We will probably arrive at a consensus about what to call Linux + GNU + everything else around the same time we agree what line endings should look like in text files.⬐ jestinjoy1Course title should have been Intro to GNU/LinuxThis looks like a good starting point for people from a predominantly Windows background that want to make the jump to Linux. Does anyone know if it is worth doing the Verified Certificate? I would be more than happy to sign up to it if it has any worth in the job market.⬐ krat0sprakharGetting your way around the command-line is, IMO, a great skill to have. With more and more companies using Amazon and other cloud services to host their apps knowing linux is very handy even as a developer. Most of the job listings, especially for startups do require the developer to have linux / command-line familiarity.⬐ Swinx43I definitely agree. The question I have is if it is worth paying for a verified certificate? It is $250 for the certificate and if it does not really count towards anything I would rather take the course for free and then go write a Linux certification instead.⬐ brudgersThe reasons to get a verified certificate from any of the MOOC's seem to be:
+ Gaining additional motivation.
+ Someone requiring it.
+ Adding formal credentials to a CV.
+ Supporting the institution, because you can.
+ Confirming the accomplishment.
All are valid reasons, and in a particular person's unique circumstances each may have great value. There's no universal benefits or detriments.⬐ stenThat's a nice way to frame the real question. Does this adequately signal what we've learned or are other methods like certifications required. I'm sure the people behind edx are looking to push legitimacy as strongly as possible but I believe ultimately any of this will boil down to personal projects and portfolio building.
I'm going to try and get my employer to pay for it either way.⬐ incision>'The question I have is if it is worth paying for a verified certificate?'
I'd say that depends on what you want to get out of it.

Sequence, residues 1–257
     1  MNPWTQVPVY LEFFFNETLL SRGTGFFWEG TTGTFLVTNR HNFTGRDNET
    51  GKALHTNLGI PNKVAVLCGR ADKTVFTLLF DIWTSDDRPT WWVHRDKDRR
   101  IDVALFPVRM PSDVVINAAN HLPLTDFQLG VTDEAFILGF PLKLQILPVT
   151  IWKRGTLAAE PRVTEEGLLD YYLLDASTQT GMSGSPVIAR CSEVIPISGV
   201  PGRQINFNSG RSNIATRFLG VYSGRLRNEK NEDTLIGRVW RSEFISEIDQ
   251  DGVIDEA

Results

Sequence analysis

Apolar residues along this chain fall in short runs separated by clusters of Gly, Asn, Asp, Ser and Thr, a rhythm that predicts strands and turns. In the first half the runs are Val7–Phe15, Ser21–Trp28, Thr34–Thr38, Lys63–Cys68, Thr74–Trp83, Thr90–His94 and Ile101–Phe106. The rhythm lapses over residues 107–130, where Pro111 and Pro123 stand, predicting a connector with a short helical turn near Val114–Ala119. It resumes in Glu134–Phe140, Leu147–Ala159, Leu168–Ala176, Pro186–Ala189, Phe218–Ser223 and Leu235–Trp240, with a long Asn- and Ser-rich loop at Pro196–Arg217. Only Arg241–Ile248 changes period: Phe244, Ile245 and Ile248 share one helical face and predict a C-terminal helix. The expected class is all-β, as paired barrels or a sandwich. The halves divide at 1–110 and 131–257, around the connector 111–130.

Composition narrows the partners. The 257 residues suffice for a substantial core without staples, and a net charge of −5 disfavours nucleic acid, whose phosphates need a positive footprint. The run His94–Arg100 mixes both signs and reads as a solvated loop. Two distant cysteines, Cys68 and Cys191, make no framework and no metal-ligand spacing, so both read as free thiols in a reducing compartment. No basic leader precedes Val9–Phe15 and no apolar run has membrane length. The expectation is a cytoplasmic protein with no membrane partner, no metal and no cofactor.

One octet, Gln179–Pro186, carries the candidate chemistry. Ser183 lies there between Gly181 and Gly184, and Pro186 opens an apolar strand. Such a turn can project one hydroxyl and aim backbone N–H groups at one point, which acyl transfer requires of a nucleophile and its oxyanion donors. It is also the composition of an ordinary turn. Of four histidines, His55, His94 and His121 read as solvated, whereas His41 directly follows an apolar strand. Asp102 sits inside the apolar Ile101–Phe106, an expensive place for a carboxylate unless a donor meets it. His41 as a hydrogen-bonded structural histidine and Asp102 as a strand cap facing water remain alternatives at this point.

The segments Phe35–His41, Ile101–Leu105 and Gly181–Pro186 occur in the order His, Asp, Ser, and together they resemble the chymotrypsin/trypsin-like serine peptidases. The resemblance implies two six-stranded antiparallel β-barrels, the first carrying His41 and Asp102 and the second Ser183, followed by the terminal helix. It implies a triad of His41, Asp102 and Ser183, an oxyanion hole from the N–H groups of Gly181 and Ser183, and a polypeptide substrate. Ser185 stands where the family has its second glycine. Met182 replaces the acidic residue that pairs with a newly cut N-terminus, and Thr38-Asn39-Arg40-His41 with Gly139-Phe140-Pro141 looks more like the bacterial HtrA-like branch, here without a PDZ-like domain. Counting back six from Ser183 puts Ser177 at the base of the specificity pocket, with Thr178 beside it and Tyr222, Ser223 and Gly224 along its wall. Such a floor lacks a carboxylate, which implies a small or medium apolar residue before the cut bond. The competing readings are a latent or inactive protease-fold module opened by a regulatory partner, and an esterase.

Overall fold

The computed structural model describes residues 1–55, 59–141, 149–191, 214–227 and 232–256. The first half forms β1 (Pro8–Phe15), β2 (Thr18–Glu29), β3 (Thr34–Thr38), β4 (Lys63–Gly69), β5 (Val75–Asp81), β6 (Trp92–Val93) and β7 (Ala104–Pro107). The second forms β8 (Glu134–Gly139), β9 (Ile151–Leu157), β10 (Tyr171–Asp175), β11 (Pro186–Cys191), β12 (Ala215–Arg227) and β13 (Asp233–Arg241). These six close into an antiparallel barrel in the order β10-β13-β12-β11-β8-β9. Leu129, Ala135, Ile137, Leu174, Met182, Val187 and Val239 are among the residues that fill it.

I have a couple of verified certificates. I haven't had the chance to put them on a resume yet, but I fully intend to for a number of reasons. I'm already pretty well established in my career, I believe in what these programs are doing and I'm plainly proud of my accomplishment.
That said, I expect people will look at them the same way they do technology certifications or most degrees - worthless.
I understand where they're coming from as we've all encountered incompetent people with such credentials, but I think it's a bit unfair to toss these certificates in the same bin.
Reason being, these certificates have no established value.
Logically and anecdotally, people sign up for these courses because they want to learn something. If someones goal is scamming their way into a job they'd be better served by shopping at a diploma mill than slogging through an edX course.
It's an interesting problem.
How do you popularize these courses while establishing and retaining value for them - goals which are to some degree at odds with each other.
⬐ OWazHas anyone already taken this course or know specifically what it covers?⬐ sgyCheck the link above⬐ OWazThe course description seemed vague to me that's why I asked if anyone knew specifics. "This course explores the various tools and techniques commonly used by Linux programmers, system administrators and end users to achieve their day-to-day work in a Linux environment." Various tools and techniques could be bash, sed, awk or it could be anything else in the vast capabilities of a linux system.
While I appreciate the intent behind this move, I'm curious who are the people who were paying $2400 (that's a serious amount of money) for what appears to be an introductory course that imparts no work skills (it's usually easier to convince people to pay for courses when they feel it will have a positive impact on their careers or resumes)?
> This course explores the various tools and techniques commonly used by Linux programmers, system administrators and end users to achieve their day-to-day work in a Linux environment. It is designed for experienced computer users who have limited or no previous exposure to Linux.
> Upon completion of this training you should have a good working knowledge of Linux, from both a graphical and command line perspective, allowing you to easily navigate through any of the three major Linux distributions.
⬐ jotmProbably companies paying for their employees' training... Expensive if you ask me, but when you have 500 employees who need to learn some Linux basics, you can't just tell them to learn it themselves at home (and organizing their own training would be expensive).⬐ frozenport⬐ theoriqueThat is 1 million dollars!Agreed, I'm wondering what this $2400 course will give you that you couldn't get from installing Linux on a partition or a VM and messing around with it in your spare time.
Maybe the course structure is helpful in ensuring good learning outcomes, but developing the hobbyist / enthusiast habit is a good one for any Linux user.
⬐ gdiocarezThanks for the link.